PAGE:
ment plans for the state legisla-
ture.
Also, by a 7-2 vote, the justices
set' aside a lower court decision
that had approved the 1965reap-
portionment of Indiana's 11 con-
gressional districts. The case was
sent back to the court for further
consideration in light of the Flor-
ida reapportionment decisions.
By the same vote the high court
affirmed a lower court ruling that
Missouri's current congressional
districting plan is unconstitution-
al.
WASHINGTON-The 90th Con-
gress convenes at noon today with
controversies already jarring the
House and Senate.
A bipartisan group of senators
prepared to renew their perennial
fight for a change in the rule that
requires a two-thirds majority to
choke off filibusters. Southern
members lined up to resist any
change.
President Johnson lays out his
program for the new session in a
state of the union address to the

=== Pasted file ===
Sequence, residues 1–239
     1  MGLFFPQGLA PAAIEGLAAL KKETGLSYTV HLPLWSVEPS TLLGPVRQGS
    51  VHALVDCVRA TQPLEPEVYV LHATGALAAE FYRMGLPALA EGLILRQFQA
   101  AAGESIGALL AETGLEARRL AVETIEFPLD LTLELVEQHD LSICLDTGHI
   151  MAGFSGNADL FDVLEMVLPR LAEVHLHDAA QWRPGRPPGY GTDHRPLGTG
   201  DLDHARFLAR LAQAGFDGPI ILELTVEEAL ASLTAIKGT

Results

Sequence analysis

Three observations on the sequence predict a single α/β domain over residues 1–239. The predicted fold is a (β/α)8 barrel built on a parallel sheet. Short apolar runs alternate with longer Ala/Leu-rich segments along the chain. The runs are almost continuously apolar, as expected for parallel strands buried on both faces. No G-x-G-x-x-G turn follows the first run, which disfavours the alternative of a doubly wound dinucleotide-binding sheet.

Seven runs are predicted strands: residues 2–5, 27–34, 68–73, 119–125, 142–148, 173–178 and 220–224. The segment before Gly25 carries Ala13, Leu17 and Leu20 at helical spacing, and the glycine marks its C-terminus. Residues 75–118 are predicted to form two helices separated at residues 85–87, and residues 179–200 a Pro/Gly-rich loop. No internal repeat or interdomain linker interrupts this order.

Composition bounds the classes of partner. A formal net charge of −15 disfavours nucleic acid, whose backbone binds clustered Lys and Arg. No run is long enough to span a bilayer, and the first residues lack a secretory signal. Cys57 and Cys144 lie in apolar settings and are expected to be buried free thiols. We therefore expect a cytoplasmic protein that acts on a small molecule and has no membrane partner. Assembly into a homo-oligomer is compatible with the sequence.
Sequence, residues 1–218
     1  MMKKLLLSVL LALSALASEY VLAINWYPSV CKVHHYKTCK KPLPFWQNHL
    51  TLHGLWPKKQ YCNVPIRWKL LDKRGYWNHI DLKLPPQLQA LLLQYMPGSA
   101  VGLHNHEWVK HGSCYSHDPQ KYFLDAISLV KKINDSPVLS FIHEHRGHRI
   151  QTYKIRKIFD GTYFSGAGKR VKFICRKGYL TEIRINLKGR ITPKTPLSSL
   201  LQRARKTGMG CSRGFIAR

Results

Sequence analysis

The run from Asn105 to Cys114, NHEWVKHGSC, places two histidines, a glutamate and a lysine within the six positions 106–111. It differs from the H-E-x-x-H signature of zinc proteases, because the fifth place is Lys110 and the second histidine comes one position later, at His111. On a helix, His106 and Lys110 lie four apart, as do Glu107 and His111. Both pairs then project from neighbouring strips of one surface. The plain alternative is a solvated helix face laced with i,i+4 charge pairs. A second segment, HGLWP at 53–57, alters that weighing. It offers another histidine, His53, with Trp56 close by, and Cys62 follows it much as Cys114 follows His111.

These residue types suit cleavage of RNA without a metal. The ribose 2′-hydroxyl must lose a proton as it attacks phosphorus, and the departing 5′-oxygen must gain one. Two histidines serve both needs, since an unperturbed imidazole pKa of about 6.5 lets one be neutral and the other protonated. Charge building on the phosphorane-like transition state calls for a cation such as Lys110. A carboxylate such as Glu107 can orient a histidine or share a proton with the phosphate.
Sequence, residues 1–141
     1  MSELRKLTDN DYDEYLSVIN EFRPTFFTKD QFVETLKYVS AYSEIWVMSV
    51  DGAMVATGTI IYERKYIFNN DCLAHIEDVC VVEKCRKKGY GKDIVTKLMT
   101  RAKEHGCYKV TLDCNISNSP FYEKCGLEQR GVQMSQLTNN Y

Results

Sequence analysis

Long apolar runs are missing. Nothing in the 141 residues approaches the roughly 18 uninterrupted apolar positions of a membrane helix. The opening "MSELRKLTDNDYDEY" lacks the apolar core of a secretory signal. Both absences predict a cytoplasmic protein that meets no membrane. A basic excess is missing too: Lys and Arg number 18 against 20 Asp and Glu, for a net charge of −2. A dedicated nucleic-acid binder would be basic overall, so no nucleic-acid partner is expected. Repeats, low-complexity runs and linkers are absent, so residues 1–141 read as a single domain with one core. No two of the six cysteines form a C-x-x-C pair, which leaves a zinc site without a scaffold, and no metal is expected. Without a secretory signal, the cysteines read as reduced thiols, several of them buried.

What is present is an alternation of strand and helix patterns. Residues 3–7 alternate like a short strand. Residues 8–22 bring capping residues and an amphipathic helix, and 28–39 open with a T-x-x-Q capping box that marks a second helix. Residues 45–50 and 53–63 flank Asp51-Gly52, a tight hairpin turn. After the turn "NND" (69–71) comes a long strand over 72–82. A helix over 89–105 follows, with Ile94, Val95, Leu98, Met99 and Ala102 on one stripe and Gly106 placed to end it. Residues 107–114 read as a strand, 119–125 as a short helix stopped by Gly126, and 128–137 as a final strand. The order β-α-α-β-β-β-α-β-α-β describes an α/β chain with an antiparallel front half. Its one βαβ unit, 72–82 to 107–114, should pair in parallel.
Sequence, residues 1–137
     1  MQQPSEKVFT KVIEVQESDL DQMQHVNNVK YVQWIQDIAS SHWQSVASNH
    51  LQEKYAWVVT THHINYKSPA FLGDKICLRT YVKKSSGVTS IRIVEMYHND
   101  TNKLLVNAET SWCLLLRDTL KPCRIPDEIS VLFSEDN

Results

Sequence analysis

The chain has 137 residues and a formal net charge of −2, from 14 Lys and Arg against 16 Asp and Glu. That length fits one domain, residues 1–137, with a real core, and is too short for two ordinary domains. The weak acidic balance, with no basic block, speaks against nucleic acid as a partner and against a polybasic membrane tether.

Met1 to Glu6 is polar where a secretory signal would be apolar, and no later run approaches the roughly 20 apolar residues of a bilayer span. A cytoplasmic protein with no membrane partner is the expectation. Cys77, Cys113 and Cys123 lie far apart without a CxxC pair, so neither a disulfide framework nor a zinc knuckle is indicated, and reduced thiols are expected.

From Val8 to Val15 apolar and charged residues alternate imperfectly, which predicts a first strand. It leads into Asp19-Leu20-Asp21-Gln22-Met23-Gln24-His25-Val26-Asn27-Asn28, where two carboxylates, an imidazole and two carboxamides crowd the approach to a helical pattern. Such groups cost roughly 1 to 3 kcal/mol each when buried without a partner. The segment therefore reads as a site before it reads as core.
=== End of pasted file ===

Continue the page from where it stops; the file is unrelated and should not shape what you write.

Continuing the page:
House and Senate tonight. The
speech will be carried on radio and
television at 9:30 p.m. EST.
* * *
'DETROIT - Robert B. Evans,
board member of American Mo-

tors, and Roy Abernethy, AMC
president, both quit yesterday.
Roy D. Chapin Jr. was name
chairman and chief executive of
fcrand William V. Luneburg
was elected president and chie
operating officer,
AMC said that Evans' move wa
an outright resignation, while Ab
ernethy was retired as president
Both men will remain as director
of the nation's fourth largest aut
firm.
WASHIINGTON - The nation'
unemployment rate inched up i
December but 1966 still brought
the lowest jobless rate in 13 years
the Labor Department said yes
terday.
The unemployment rate went u:
one-tenth of one, per cent las